eight Greatest Rhyming Books for Youngsters’s E book Writers

Last time we talked about whether or not your picture book needed to rhyme. Today, I thought I’d share some of my favorite books that rhyme to study as models. Check out the best rhyming books for children.


Why Rhyming Children’s Books Matter

In the article Should My Children’s Book Rhyme? we discussed that rhyme is an important element of early literacy skills development. From board books to picture books for older readers, rhyme can take a wonderful story in fun and unexpected directions while having a lyrical, bouncy and satisfying feel to the text.

There are lots of book lists for teachers and parents looking for fun rhyming books, but today I thought I’d share a few with clever rhymes that you can study as you decide whether your book needs to rhyme.

One thing to note with all of these is how rhyme works for the story. Notice how rhyme in these books enhances the story. None of these rhymes feel forced.

Following are seven great rhyming books that range from simple to complex to admirably clever, plus one of my very own that I love reading aloud as much as I enjoyed writing it!

I’ve divided these books into three categories:

  1. Simple, repetitive rhymes
  2. More complex rhymes
  3. Clever uses of rhyme

Note: The links on each title below aren’t affiliate links—just great books to study for craft!

Three Repetitive Rhyme Examples for the Youngest Children

These three examples from books for toddlers or preschoolers use few words and short phrases with several of the words repeated often.

Notice there’s a combination of both Perfect Rhyme and Near Perfect Rhyme as well as examples of lines 1 and 2 rhyming and lines 2 and 4 rhyming and sometimes a combination, such as in Sheep in a Jeep.

These books are a great way to teach little readers the concept of rhyme through an engaging tale while building vocabulary. The big takeaway here is how much is said in very few words and syllables.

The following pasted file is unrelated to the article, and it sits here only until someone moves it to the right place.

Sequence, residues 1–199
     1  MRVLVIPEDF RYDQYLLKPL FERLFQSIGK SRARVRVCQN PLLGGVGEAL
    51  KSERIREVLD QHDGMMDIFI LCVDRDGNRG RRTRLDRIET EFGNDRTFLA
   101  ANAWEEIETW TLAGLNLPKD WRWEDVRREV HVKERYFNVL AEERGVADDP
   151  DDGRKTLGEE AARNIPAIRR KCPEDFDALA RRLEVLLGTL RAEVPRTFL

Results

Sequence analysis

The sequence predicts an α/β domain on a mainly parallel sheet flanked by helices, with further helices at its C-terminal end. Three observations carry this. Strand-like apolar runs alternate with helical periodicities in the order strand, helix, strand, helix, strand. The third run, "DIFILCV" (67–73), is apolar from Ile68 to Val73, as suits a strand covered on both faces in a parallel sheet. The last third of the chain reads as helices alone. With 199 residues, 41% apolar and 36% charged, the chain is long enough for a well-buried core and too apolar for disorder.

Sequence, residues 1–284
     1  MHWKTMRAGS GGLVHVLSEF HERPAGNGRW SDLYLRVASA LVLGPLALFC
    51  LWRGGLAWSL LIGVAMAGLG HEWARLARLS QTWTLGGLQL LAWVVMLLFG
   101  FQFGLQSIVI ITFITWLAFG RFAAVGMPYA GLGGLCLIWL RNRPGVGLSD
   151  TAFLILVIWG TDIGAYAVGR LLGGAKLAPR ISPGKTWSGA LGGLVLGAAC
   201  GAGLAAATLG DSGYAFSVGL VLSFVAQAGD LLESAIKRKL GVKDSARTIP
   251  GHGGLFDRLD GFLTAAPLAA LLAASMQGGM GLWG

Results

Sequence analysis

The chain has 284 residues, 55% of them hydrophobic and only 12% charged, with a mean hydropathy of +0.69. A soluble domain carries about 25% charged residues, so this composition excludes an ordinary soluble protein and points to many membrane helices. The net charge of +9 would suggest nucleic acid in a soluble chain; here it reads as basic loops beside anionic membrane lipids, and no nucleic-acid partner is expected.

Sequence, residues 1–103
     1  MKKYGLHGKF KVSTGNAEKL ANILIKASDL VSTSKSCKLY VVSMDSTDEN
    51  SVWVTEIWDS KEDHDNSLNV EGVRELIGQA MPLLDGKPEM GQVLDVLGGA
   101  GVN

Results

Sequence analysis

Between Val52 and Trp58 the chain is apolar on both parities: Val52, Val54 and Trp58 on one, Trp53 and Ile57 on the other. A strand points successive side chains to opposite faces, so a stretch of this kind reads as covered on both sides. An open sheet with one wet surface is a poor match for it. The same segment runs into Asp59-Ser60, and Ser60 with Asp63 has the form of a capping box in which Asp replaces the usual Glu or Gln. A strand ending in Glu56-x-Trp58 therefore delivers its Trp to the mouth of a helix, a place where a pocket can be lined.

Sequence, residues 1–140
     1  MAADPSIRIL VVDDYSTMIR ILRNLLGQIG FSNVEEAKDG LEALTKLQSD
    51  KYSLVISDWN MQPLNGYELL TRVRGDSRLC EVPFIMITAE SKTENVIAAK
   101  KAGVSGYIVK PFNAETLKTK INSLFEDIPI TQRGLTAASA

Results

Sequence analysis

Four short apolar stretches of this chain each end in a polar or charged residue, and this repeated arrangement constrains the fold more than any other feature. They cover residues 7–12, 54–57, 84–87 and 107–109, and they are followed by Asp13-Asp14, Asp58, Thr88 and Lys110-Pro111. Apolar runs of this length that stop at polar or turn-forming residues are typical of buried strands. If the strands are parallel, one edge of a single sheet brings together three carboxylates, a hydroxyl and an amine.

1. Sheep in a Jeep by Nancy E. Shaw, Illustrated by Margot Apple


Sheep in a Jeep
Beep!  Beep!
Sheep in a jeep
On a hill that’s steep.

The jeep won’t go.
Sheep leap
To push the jeep.

Sheep shove.
Sheep grunt.
Sheep don’t think
To look up front.

Get Sheep in a Jeep »

2. Llama Llama Red Pajama by Anna Dewdney

Llama llamaPin
Red pajama
Reads a story
With his mama.

Mama kisses
Baby’s hair.
Mama Llama
Goes downstairs.

Llama llama
Red pajama
Feels alone
Without his mama.

Get Llama Llama Red Pajama »

3. Zoom, Zoom, Zoom! by Annie Kubler

Zoom Zoom Zoom
We are going to the moon!Pin
Zoom Zoom Zoom
We are going to the moon!
If you want to take a trip,
climb aboard my rocket ship!
Zoom, Zoom, Zoom
We’ll be there very soon!

Get Zoom, Zoom, Zoom! »

Two More Complex Rhyme Examples

You’ll see in these two examples more complex rhyming stories for young children.

One thing to note in Example 4: The author rhymes consecutive sentences (1 and 2; 3 and 4, etc.) in Perfect Rhyme except for the near-perfect rhyme bed and heads. Contrast this to Example 5 where the author rhymes sentences 2 and 4 in Perfect Rhyme.

4. Goodnight, Goodnight, Construction Site by Sherri Duskey Rinker, illustrated by Tom Lichtenheld


Down in the big construction site,
the tough trucks work with all their might.

To build a building, make a road.
To get the job done — load by load.

The sun has set, the work is done.
It’s time for trucks to end their fun.
So one by one, they’ll go to bed.
To yawn and rest their sleepy heads.
Then wake up to another day
of rough and tough construction play.